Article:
Chapter

Familial hypercholesterolaemia

Gilbert R. Thompson

in Oxford Textbook of Endocrinology and Diabetes

Second edition

Published on behalf of Oxford University Press

ISBN: 9780199235292
Published online July 2011 | e-ISBN: 9780199608232 | DOI: http://dx.doi.org/10.1093/med/9780199235292.003.1240

Series: Oxford Textbooks

Familial hypercholesterolaemia

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Familial hypercholesterolaemia (OMIM 143890) is characterized by hypercholesterolaemia from birth, with the subsequent development of cutaneous and tendon xanthomas and premature onset of atherosclerosis, as first described by Müller over 70 years ago (1). Myant (2) noted that the monogenically determined increase in plasma cholesterol was largely confined to low-density lipoprotein (LDL) cholesterol and Goldstein and Brown (3) showed that the increase in LDL was due to mutations of the gene encoding the formation of LDL receptors, leading to defective catabolism of LDL.

Over 1000 variations in the LDL receptor gene have now been described, most of which can cause familial hypercholesterolaemia (4). Usually only one mutant gene is inherited, which gives rise to the heterozygous form of the disease. Rarely, inheritance of two identical mutant alleles occurs, giving rise to homozygous familial hypercholesterolaemia. Inheritance of two mutations results in compound heterozygosity, which is clinically indistinguishable from genetically homozygous familial hypercholesterolaemia.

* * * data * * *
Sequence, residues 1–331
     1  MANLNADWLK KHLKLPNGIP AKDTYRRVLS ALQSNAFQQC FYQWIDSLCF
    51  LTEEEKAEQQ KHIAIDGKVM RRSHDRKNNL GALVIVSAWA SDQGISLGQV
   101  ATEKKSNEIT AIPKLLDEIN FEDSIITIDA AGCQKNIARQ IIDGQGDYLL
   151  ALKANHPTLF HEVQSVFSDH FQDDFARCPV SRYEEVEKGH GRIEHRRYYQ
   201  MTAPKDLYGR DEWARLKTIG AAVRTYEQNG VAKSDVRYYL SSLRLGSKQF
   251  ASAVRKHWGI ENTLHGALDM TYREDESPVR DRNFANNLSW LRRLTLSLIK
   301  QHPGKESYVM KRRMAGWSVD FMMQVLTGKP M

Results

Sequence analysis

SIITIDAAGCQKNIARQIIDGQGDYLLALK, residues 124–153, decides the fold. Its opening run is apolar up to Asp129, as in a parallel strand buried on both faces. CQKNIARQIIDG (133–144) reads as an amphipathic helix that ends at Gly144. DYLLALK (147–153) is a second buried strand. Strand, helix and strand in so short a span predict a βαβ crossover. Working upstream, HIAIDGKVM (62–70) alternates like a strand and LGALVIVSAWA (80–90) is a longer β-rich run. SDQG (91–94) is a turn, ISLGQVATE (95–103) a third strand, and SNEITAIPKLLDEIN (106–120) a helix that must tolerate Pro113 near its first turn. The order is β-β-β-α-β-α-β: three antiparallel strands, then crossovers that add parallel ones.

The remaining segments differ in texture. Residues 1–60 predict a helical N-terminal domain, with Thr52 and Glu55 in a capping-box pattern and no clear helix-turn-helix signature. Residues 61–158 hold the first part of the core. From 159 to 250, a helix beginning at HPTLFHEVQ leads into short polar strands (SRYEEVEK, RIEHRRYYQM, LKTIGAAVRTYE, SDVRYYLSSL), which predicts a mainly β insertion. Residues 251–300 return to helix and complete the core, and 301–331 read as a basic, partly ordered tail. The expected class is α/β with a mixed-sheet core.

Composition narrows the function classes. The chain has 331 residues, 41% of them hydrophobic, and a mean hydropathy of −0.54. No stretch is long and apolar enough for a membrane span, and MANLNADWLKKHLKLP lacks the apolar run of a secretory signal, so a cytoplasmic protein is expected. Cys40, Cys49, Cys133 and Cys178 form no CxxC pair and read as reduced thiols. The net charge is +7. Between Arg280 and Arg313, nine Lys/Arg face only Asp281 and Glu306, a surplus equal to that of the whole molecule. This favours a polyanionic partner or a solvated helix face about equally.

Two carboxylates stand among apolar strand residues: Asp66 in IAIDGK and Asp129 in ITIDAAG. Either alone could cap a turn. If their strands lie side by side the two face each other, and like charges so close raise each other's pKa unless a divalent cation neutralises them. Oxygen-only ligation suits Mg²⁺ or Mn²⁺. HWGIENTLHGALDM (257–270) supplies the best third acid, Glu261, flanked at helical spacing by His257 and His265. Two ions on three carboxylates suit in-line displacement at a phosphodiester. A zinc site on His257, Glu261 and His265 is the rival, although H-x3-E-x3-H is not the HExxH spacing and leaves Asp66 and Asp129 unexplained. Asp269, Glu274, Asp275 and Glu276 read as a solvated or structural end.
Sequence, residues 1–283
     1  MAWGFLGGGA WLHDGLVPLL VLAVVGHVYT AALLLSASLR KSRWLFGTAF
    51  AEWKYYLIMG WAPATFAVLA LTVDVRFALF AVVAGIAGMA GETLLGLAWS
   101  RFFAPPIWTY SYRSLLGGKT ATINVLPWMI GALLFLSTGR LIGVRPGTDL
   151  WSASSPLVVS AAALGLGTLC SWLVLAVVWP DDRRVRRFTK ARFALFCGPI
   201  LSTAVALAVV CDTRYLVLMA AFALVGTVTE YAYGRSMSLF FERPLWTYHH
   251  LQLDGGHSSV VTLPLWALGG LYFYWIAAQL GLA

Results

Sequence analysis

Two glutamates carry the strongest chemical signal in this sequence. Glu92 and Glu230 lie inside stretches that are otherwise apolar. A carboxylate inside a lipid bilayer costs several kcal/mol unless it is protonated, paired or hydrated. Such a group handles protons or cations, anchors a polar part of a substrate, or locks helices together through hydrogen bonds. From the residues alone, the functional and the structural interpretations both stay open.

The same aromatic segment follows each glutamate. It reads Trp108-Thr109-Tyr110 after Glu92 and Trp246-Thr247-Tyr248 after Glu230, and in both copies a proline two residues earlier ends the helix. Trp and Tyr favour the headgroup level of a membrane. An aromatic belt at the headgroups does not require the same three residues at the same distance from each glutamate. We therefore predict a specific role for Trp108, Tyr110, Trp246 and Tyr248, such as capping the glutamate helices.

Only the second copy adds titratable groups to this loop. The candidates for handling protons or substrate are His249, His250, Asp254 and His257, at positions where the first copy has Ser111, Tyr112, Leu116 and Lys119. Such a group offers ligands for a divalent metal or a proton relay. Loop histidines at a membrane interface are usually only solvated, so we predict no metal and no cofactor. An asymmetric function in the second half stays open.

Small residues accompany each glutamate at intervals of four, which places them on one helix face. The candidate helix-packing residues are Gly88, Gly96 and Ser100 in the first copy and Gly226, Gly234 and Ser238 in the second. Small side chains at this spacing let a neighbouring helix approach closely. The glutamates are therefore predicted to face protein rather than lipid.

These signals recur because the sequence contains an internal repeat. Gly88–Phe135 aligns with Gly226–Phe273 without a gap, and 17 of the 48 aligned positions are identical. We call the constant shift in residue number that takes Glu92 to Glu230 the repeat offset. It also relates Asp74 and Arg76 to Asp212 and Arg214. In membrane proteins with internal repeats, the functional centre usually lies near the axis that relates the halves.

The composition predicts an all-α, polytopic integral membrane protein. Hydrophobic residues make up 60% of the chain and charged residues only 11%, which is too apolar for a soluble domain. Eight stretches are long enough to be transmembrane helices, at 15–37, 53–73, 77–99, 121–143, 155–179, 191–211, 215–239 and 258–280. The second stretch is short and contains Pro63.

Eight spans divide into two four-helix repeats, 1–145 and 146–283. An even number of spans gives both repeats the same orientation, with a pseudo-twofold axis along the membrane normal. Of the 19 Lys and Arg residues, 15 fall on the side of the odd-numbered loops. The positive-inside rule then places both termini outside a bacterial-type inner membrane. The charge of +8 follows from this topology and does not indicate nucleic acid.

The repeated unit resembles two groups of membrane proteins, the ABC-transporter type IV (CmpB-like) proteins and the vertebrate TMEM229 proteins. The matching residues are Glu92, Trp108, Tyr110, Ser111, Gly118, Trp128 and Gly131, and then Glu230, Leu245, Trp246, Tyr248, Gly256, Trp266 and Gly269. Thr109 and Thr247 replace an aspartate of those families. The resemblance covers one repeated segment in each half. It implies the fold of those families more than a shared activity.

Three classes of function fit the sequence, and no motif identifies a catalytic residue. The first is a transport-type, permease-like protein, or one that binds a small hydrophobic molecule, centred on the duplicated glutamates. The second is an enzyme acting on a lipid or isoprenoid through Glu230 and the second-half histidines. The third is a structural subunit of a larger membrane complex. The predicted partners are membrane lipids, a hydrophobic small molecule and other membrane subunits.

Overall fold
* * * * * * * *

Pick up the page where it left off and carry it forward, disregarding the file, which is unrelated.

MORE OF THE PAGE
The frequency of familial hypercholesterolaemia in the populations of Europe and North America averages 0.2%, but in some parts of the world it is much higher. Regions with an increased prevalence of familial hypercholesterolaemia include Lebanon, South Africa, and the Canadian province of Quebec. In each instance this is attributable to an unusually high frequency of one or two mutations within the population, such as the Lebanese allele, the Afrikaner 1 and 2 mutations, and the French Canadian allele. In South Africa and Canada the increased prevalence of familial hypercholesterolaemia represents a founder gene effect traceable to immigrant settlers from Europe, whereas in Muslim communities it reflects the frequency of first-cousin marriages. In notable contrast is the multiplicity of mutations found among familial hypercholesterolaemia patients in the UK, as shown in Fig. 12.2.2.1.

An identical clinical syndrome to familial hypercholesterolaemia can occur as a result of inheritance of a mutation at the apoB locus, which results in a functionally defective form of LDL (5). This disorder, familial defective apoB-100 or FDB (OMIM 144010), has a frequency of 0.1% in people of European descent but has never been described in Japan. Rarely, familial hypercholesterolaemia is caused by dominantly inherited gain of function mutations of a gene encoding proprotein convertase subtilisin/kexin type 9 (PCSK9) (OMIM 603776), which results in increased degradation of LDL receptors and an unusually severe clinical phenotype (6). It can also be caused by recessively inherited loss of function mutations of a gene encoding a protein involved in the clathrin-mediated internalization of the LDL receptor (6), which results in a milder phenotype than dominantly inherited forms of the condition and is known as autosomal recessive hypercholesterolaemia (OMIM 603813).

A recent survey detected mutations of the LDL receptor, apoB, and PCSK9 genes in only 62% of patients with clinically definite familial hypercholesterolaemia (7), raising the likelihood that mutations of genes encoding other proteins involved in LDL metabolism remain to be discovered.

Chapter.  5513 words.  Illustrated.

Subjects: Endocrinology and Diabetes

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